Four people are sitting on the ground in the Australian bushland. They appear to be listening to another person who is sitting in front of them. There are bare trees in the background, and the word 'Storytime' written in the sky in capital letters.

The Melbourne Women in Film Festival is back for another year. The MWFF envisions a world where a diversity of women’s voices, stories and creativity are equally recognised and celebrated.  It aims to at celebrate and support the work of women filmmakers and creatives – from directors, writers and producers to cinematographers, sound designers and editors. Chantelle Grey of Orenda Magazine sat down with Director of opening night short film Storytime (2009), Jub Clerc.

Storytime is about two adventurous Kimberley kids wander deep into the mangroves at sunset, only to find that the terrifying campfire stories of the Gooynbooyn Woman may not be a myth after all. Clerc’s award-winning Indigenous horror film is based on her experience of growing up in the Broome region of Western Australia, where she was regaled with stories of the spirit of a woman that lived in the mangroves and stole children. But to Clerc and her Nyul Nyul/Yawuru community, the Gooynbooyn Woman is not just a legend, but a very real creature.

After spending some time doing performance acting and theatre, what made you get involved in the film industry?

Lynette Narkle came into Yirra Yaakin while I was working there and asked if anyone had an idea for a film. Screenwest had just appointed her as the first Indigenous Film Officer and there was an initiative for first-time filmmakers to apply for. I applied for one but got another instead, with a bigger budget. Woohooo!

How did you find the transition?

I didn’t know what the rules were so I just did what I thought made sense. Thank god I’m not a dumb ass. I also had a team around me that knew what they were doing and I trusted that. My ego is almost non-existent so I wasn’t fanatical about running the whole show.

Your horror short film Storytime follows two young children as they encounter a creature that’s believed in widely by your community (Nyul Nyul/Yawuru). How did you go about translating a story you’d grown up hearing to something that worked as a screen story?

I asked the question…what if? What if I hadn’t have listened to my family and gone wandering in the mangroves alone? I kept it relevant and true to the legend.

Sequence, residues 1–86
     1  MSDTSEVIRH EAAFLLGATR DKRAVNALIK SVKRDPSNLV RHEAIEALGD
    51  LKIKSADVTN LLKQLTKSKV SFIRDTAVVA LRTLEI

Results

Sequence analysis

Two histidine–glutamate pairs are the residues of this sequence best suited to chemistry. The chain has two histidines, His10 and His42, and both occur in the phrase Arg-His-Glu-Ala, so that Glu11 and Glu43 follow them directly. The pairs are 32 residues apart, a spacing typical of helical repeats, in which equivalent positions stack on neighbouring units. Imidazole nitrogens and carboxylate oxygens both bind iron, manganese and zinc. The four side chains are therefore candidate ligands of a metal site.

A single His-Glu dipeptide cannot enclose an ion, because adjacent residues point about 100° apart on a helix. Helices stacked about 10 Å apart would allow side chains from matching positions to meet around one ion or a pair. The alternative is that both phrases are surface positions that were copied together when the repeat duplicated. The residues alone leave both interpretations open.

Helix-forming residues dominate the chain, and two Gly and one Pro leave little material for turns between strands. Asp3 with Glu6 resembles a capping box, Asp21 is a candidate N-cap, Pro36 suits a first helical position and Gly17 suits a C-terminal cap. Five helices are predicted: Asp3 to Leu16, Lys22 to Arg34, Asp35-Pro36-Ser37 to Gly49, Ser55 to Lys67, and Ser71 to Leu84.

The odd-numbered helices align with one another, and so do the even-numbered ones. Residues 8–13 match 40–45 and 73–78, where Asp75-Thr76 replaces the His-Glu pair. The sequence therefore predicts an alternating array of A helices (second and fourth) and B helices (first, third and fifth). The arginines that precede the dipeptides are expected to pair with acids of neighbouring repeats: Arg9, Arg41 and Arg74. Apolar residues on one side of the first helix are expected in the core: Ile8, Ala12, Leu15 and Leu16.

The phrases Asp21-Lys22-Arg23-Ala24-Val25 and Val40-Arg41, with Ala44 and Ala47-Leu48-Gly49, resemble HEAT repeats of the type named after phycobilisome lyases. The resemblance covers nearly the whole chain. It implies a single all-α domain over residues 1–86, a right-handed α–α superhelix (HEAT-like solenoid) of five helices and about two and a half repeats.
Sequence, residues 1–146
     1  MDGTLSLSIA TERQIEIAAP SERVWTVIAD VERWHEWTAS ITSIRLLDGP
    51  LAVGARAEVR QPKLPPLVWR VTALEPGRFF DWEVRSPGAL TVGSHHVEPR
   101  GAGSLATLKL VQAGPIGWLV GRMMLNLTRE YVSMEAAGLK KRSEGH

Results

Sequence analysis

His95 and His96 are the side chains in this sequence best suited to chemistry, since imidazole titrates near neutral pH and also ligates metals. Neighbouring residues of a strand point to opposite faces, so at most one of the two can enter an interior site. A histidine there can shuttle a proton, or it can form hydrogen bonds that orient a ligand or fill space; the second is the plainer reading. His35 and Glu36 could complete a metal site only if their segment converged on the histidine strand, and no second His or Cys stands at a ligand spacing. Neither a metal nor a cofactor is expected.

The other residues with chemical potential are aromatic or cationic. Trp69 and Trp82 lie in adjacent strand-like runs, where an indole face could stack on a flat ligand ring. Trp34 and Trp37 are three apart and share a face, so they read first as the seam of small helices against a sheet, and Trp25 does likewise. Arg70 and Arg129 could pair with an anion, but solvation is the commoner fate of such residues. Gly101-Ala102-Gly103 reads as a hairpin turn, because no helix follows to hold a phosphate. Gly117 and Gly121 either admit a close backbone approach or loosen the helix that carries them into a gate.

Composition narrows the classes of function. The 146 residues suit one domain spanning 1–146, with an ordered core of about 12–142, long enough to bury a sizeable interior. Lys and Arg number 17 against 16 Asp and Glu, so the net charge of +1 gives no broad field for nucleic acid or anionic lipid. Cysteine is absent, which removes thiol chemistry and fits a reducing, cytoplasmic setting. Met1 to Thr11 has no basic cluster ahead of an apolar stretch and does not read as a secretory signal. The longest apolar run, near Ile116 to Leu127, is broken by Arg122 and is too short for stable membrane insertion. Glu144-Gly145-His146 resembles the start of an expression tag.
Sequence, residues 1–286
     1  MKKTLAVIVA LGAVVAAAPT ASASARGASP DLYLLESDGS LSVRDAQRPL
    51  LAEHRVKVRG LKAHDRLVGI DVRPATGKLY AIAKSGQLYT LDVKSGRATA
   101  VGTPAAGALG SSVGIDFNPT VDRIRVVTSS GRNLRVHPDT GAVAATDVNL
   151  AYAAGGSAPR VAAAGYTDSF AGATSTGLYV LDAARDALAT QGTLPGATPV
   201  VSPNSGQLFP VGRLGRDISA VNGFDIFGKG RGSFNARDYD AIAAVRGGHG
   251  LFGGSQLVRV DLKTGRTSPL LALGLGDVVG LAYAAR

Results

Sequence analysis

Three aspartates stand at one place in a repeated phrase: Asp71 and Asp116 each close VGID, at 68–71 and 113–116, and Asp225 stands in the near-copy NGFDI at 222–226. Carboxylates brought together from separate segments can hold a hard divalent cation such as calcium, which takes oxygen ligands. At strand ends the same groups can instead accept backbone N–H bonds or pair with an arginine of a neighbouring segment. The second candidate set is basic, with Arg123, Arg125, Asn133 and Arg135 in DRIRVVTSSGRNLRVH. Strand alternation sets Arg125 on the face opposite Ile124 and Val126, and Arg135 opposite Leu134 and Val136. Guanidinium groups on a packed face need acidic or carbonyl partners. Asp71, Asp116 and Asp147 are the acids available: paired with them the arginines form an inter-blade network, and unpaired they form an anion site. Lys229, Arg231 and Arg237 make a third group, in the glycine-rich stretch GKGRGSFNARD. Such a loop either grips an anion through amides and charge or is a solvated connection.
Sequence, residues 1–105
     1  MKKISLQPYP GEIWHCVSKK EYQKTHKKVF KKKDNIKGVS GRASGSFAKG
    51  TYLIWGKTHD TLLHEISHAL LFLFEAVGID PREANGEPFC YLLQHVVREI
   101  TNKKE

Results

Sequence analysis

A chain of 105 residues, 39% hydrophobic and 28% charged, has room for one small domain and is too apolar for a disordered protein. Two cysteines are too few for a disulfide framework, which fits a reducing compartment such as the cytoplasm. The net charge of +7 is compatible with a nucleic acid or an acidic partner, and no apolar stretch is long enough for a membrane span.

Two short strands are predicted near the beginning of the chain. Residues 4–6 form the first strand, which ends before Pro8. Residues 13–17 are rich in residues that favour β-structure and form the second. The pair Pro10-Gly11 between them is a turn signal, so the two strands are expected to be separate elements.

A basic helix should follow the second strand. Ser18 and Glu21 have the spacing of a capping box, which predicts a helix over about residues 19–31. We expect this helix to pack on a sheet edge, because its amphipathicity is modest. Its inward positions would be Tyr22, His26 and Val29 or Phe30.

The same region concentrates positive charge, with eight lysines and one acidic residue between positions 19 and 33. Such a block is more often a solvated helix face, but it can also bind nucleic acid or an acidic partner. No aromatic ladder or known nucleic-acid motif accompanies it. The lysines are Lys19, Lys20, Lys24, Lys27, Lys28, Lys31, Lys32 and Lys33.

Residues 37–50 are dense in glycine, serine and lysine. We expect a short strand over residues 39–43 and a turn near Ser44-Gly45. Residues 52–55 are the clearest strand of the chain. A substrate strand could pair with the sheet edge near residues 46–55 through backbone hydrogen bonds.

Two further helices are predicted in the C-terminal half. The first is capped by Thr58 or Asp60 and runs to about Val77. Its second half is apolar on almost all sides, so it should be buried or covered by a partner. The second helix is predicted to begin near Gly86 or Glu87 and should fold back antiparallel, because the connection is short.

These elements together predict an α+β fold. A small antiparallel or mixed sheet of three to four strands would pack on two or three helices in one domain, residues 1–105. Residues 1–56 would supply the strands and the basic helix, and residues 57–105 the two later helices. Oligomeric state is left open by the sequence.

I asked the question…what if?

I know you’re working on a thriller with a young Indigenous woman at the forefront, based on the same legend the short film was made from. How important do you think it is to have female-led, Indigenous films being made and represented in Australia right now?

I think people blur the lines of cultural appropriation and cultural appreciation too often in the Arts in general. Be it film, tv, theatre, fashion, music etc, etc… So I think having Indigenous women and men, as key creatives, is imperative to keeping transparent relationships with content makers who wish to share in telling our stories with us, not about us.

How do you navigate being an Indigenous woman in a mostly white, male-dominated industry?

I have learnt to surround myself with people I like.

I think having Indigenous women and men, as key creatives, is imperative to keeping transparent relationships with content makers

Do you use it as a point of difference?

Most of my projects have Indigenous content so navigating around the people I work with is important. They get to go home, I do not…I live my culture, they do not, so my priority is doing things proper way or not at all. Last thing I want is aunties chasing me around with a fucking Nulla Nulla for the rest of my life, ha! Sometimes, if the funding initiative places you with key creatives that they’ve selected, surrounding yourself with the good people is out of your hands but you learn from that too.

What advice would you give to young women starting out in the film industry? Do you have any recommendations of programmes or initiatives for them to get involved with?

Work on projects that you believe in, that are telling a story that you want to tell. Don’t be afraid to ask. The worse thing is not that they’ll say no…the worse thing is not asking.

Work in all departments so you know what everyone does and how hard they do it. Don’t take anyone for granted. Budgets are too small to have anyone you don’t need on set.

They are so many amazing programmes out there now, especially with the Gender Matters initiative. So apply apply apply.

 

The Melbourne Women in Film Festival is happening now until Sunday the 24th of February. Get tickets via their website.